As Palestine’s Friends Fall Away, Iran is the Last Man Standing

For generations, one issue has united countries across the Muslim world: Palestinian Liberation. But as Saudi Arabia, Israel and the US find a shared priority in battling Iran, the Gulf is losing interest – and Palestinians are left out the in the cold, with nowhere to turn but Tehran.

Read the full report on Inside Over >

Inside Southeast Asia’s Illegal Wildlife Trade

Southeast Asia accounts for less than 3% of the world’s land mass but 25% of the global trade in wildlife. It’s a supplier, consumer and transit hub for the booming black market, where endangered animals are illegally caught, sold, eaten and shipped to customers around the world.  So how do we bring this destructive trade to an end? Read the full report on Inside Over >

Could the COVID-19 Outbreak Finally Lay the Wildlife Trafficking Trade to Rest?

As the coronavirus crisis spreads further afield and claims casualties all over the world, many are asking what lessons we can learn from yet another case of deadly zoonotic disease. This could be exactly the conversation that conservationists working to stop wildlife trafficking need.

Read the full story on Foreign Policy >

Great News for Some Phnom Penh Friends…

When I first came to Phnom Penh earlier this year, I interviewed a really fantastic social enterprise called ARC Hub PNH for an article I was writing about prosthetic limb production in Cambodia and Laos.

During the Secret War that ran concurrently to the Vietnam War, the Americans (illegally) dropped more bombs here than had ever been dropped anywhere before, and the Khmer Rouge continued to carpet Cambodia in landmines until the ’90s. The upshot of this is that, every year, people lose limbs to UXOs all over Laos and Cambodia – and since these are some of the poorest people on the planet, their chances of getting hold of an artificial limb are pretty remote.  Continue reading →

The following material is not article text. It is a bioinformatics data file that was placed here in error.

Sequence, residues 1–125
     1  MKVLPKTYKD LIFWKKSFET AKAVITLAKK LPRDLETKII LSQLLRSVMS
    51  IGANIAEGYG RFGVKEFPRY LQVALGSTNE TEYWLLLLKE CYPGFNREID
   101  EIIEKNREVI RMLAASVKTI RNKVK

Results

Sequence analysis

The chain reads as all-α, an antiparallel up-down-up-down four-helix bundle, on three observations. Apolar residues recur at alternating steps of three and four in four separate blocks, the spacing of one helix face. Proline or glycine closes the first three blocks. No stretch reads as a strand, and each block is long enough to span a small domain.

More Goals than Fans: Syria’s Uphill Struggle to Rally Nation Behind Football Team (Guardian)

The team, sitting at the top of the table for its group, is performing remarkably well despite formidable hurdles. The war has crippled football in Syria, scattering players across the world, and leaving them with barely a week to meet and train ahead of each match.

But Syrians everywhere are pouring out their support through social media, says Al Husein, and the crisis at home piles on the pressure to make them proud. He hopes that, by doing so, the team will pull the country’s fragmented identity closer together.

“At the end of the day we come from all aspects of Syria. Whether you’re a Christian or a Muslim or any sector of Islam, we’re all one family, we’re playing for one team, one country.

Read the full story at the Guardian 

These Indonesian Women Are Part of the Design Team for Their Own Development Tech

At a tech fair in Lembata, a volcano-sprinkled island near the eastern tip of Flores, Indonesia, 62-year-old subsistence farmer Daprosa and her friends Maria and Yuliana are checking out a water filter. It’s a simple $15 contraption, made of two plastic tanks with a ceramic-and-silver dome connecting them. The top tank is filled with river water and left overnight, with harmful chemicals and parasites removed as it trickles through. These women aren’t the only ones wondering about its success; local officials are interested, too — they want to know whether a giant version could be used to create a centralized water supply for villages.

Read the full story at How We Get to Next

The Malaysia Scandal: Crazy Enough to be a Far-Fetched Movie Plot, Says Human Rights Director

How an “objective” report on slavery in Malaysia became the centre of a political storm in the US.
Political interference from right at the top of the US government will be the only explanation if Malaysia’s human trafficking rating is raised next week, says human rights expert John Sifton.
“Let’s be clear: this is not a grey area,” he stated last night. “Malaysia has done very little to combat this scourge [of human trafficking]. They have done very little since they were moved to Tier 3 to merit an upgrade.
“If this had happened on House of Cards I’d say, oh, that’s not plausible.”

Continue reading →